His goals for his self-titled blog are

“to inform people (including myself) about health science, ponder philosophical, political, theological issues associated with medicine, and make sense of my experience as a physician.”

Dr. Marroquinn posts infrequently; his posts are timely, articulate and informative.

Here is a post I especially enjoyed about Boxing and Parkinson’s Disease. He discusses a video about 60 Minutes news correspondent  Leslie Stahl and her husband who has Parkinson’s Disease.

In this post, he offers three reasons why physicians and other health practitioners should recognize and address the spiritual component of their patients’ lives. 

medicine for real– Navigating the healthcare system

is written by  blogger Dr. Shirie Leng, an anesthesiologist, who writes,

“I have worked in health care both as a nurse and as a doctor for 15 years.  The health care industry is just that, an industry.  As such it doesn’t have a whole lot of concern for the “customer”.  I write about the processes, redundancies, red-tape and pure pointlessness of much of medicine, so that you can make decisions and navigate for yourself.”

pre-op area of hospital
I suspect Dr. Leng spends much time in places similar to this.

Besides healthcare, she writes about education, insurance, end-of-life issues, motherhood, and the history of medicine.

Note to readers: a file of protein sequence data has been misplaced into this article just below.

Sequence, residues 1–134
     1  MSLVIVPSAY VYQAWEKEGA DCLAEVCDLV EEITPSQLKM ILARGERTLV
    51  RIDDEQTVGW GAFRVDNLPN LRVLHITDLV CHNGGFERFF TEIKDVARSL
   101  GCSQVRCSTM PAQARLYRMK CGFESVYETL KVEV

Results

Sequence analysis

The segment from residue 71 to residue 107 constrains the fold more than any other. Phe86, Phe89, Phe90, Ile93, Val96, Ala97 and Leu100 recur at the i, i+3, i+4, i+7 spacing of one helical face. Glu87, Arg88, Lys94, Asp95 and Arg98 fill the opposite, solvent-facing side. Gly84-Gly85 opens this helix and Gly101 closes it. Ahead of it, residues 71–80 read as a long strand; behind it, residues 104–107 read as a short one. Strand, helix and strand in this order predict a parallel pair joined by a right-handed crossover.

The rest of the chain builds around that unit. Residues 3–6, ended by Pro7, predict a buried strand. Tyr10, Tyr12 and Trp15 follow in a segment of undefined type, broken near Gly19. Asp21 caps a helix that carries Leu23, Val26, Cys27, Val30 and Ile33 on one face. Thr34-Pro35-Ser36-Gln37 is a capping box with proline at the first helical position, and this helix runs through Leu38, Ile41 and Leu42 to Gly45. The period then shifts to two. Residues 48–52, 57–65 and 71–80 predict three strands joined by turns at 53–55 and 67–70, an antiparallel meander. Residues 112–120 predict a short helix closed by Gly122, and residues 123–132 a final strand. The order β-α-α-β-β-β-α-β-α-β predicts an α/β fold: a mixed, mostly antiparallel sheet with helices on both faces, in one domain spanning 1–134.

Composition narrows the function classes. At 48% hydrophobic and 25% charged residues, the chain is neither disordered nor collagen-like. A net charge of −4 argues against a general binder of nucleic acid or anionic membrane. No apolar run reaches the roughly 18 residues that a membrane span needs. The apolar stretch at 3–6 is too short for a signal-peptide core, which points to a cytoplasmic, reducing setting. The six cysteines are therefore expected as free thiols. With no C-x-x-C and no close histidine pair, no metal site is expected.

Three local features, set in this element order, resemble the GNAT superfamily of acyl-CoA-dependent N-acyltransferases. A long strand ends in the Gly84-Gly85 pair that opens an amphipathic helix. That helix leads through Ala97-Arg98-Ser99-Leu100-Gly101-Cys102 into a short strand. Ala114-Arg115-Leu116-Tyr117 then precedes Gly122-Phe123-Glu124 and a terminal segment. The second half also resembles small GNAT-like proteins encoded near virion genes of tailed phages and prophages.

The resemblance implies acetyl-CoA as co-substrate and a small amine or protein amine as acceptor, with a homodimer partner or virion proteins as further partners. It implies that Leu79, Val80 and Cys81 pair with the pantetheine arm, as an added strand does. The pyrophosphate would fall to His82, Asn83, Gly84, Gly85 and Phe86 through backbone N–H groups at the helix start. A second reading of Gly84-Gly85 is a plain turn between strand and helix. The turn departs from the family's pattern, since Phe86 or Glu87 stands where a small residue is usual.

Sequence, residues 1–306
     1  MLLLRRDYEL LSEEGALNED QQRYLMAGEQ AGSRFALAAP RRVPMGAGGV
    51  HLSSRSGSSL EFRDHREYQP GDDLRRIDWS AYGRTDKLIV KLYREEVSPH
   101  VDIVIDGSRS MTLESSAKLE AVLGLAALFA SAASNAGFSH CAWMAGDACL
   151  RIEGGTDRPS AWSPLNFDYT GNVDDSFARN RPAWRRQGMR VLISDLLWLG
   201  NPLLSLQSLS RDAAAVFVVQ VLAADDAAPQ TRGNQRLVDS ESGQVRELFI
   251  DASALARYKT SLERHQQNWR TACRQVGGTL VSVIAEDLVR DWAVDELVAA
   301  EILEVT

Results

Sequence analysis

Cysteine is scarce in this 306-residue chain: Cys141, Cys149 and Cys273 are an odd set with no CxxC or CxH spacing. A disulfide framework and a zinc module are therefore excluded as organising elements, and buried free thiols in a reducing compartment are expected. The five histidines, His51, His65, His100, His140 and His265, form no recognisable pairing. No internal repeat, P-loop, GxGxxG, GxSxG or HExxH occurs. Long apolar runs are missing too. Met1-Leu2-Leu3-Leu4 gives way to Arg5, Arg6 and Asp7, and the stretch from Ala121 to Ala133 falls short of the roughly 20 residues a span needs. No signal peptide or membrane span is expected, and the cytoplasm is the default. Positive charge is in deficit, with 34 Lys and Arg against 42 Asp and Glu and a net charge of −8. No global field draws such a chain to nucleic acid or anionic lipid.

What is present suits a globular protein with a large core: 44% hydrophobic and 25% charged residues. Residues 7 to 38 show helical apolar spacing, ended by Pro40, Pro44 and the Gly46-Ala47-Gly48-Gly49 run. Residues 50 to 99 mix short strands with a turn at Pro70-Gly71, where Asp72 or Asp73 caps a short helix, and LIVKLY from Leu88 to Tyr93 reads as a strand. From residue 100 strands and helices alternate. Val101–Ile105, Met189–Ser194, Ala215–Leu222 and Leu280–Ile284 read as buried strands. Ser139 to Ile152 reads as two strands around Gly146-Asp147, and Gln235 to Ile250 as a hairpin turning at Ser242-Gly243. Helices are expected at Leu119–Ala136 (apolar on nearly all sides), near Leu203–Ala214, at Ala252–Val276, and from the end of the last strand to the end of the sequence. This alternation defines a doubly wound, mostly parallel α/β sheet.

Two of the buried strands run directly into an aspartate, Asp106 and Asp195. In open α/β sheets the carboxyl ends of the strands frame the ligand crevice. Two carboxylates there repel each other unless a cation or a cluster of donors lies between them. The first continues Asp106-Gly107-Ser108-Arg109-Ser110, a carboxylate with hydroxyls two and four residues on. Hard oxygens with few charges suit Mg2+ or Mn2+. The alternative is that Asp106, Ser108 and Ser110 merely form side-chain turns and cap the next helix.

Dr. Leng had not posted in awhile because, as she explains it, “nothing health-care related has outraged me recently.  And I definitely write better when agitated about something.”

But she did post  this piece recently, Health Is For Us, Not you , in which she touches on mass shooters, Syrian refugees and ISIS.

freud & fashion




You’ve met Vania Manipod, D.O when I shared her post about New Year’s Resolutions.

In this post, Dr. Manipod gives tips on recognizing and controlling anger

musicians on California beach
Dr. Manipod comes from California , which I found to be an interesting place.
flowers along the Pacific Ocean shore
And beautiful.

I appreciate all of you who follow this blog; there are numerous other blogs to choose from so I am honored you chose to spend some time here. A special welcome to all my new followers from this past month.

Thanks for following this blog. If you’re visiting, I would love for you to start following Watercress Words : use the form to get an email notification of new posts. Don’t worry, you won’t get anything else from me. I also want you to find and follow me on Facebook, Pinterest , Instagram, and LinkedIn .

                              Dr. Aletha